Grand jury won't indict city officer

September 01, 1994|By Michael James and Howard Libit | Michael James and Howard Libit,Sun Staff Writers Sun staff writers Peter Hermann and Jay Apperson contributed to this article.

A Baltimore grand jury opted yesterday not to indict a city police officer in the death of a man who fell to the sidewalk during a struggle with arresting officers, the city state's attorney reported.

The grand jury determined that although 31-year-old George T. Hite of South Baltimore died of a head injury incurred during the altercation, the police were not responsible for the deadly fall to the pavement.

It is the second time in less than a week that the grand jury has refused to indict police in an arrest that resulted in death.

The second grand jury probe involved Southern District Officer Jae Yim, 25, who had been accused of tripping Mr. Hite while arresting him June 19 in the 200 block of S. Fulton Ave. for disorderly conduct and resisting arrest, said Deputy State's Attorney Patricia Jessamy.

Mr. Hite later lapsed into a coma and died Aug. 9 of complications from the head injury and pneumonia.

Prosecutors said the grand jury heard from 20 witnesses -- including a deputy chief medical examiner who ruled the death was technically a homicide.

"While this action will conclude the state's inquiry into this matter, appropriate reviews can be conducted by the U.S. attorney's office and federal investigative agencies as well as the Baltimore City Police Department," city State's Attorney Stuart O. Simms said.

The news came as a surprise to Mr. Hite's family, who said yesterday that they were expecting an indictment to be returned.

"We are very disappointed. We really thought we had enough evidence to get an indictment," said Mary Wheaton, Mr. Hite's sister, who lives in Baltimore.

Ms. Wheaton said she disputes the contention that Mr. Hite fell while the officers were handcuffing him, since some witnesses testified he was already handcuffed when his head hit the ground.

"I would like to know, if he fell, how did he fall? What prompted the fall? I just don't understand," Ms. Wheaton said.

An autopsy concluded that Mr. Hite died of "a head injury complicated by bronchopneumonia" and the manner of death was "homicide" -- meaning the person died as a result of some type of confrontation with someone.

"If there is indication that the cause of death resulted from the interaction of the victim with another individual, during an altercation or a struggle -- such as in this case -- then that would make the manner of death a homicide," said Dr. John E. Smialek, the state's chief medical examiner.

But he added that in all deaths ruled to be homicides, it is up to investigative bodies -- such as a grand jury -- to decide if criminal charges will be brought.

Henry L. Belsky, a city Fraternal Order of Police lawyer who represented Officer Yim, said the officer is "relieved" to hear the grand jury probe is over. Mr. Belsky questioned the high level of scrutiny the officer was put through and criticized plaintiff lawyers who frame such cases in terms of civil rights.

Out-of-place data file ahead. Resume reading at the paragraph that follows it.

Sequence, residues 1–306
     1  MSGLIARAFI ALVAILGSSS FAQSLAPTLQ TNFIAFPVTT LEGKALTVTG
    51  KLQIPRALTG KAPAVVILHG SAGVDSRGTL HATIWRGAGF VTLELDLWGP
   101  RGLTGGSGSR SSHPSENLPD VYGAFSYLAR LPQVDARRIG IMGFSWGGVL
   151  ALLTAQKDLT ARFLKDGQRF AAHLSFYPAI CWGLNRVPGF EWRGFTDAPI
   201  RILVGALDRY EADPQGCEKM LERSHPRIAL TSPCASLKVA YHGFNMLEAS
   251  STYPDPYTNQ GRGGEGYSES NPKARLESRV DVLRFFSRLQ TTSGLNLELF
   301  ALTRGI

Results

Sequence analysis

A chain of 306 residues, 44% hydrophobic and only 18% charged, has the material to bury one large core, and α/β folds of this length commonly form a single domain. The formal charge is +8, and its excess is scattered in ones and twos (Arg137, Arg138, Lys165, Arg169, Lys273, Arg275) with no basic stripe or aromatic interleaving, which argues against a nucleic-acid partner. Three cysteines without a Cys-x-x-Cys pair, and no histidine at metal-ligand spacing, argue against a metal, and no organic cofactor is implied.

They see the chance to make money," Mr. Belsky said. "They are pressing harder than they used to in order to force the state to indict or at least investigate."

He added, "The state's attorney should at least make the initial decision himself. If there's not a crime, then he should not take it before the grand jury."

Police said Mr. Hite was drinking a beer on his front stoop when he yelled at officers who were searching a drug suspect nearby. Two officers -- Officer Yim and Officer Stanley Reaves, 22 -- told Mr. Hite to be quiet and arrested him after he continued to verbally harass them, according to witnesses.

After Mr. Hite fell, he was placed in a police wagon and taken to the Southern District, where he complained to the desk sergeant of pain in his right eye. His condition continued to worsen until he eventually went into a coma.

The state's attorney's announcement yesterday did not make any mention of Officer Reaves.

Edward W. Hite Sr., Mr. Hite's brother who lives in Ashland, Va., said in a statement last night, "Our only hope is that the Police Department completes its internal investigation and realizes that they do have a problem in this department. . . . Then changes can be made so that future people won't encounter the same problems that my brother did."

Ronald Brown, 43, who testified before the grand jury on Tuesday, said he was shocked at the grand jury's decision.

"It was a terrible decision. I don't know how they come up with that. . . . That police kicked that man's legs out from under him and busted his head on concrete. His hands were handcuffed."

The grand jury's decision is the second this month in which it chose not to indict city police officers in connection with a questionable death.

Last week, the same grand jury dismissed allegations that city police officers beat Jesse Chapman Jr. to death during an arrest in West Baltimore.

In that case, an autopsy determined that Mr. Chapman did not die of a police beating but after his heart-lung system collapsed under the stress of cocaine use, an asthma attack and a struggle with arresting officers.

Baltimore Sun Articles
Please note the green-lined linked article text has been applied commercially without any involvement from our newsroom editors, reporters or any other editorial staff.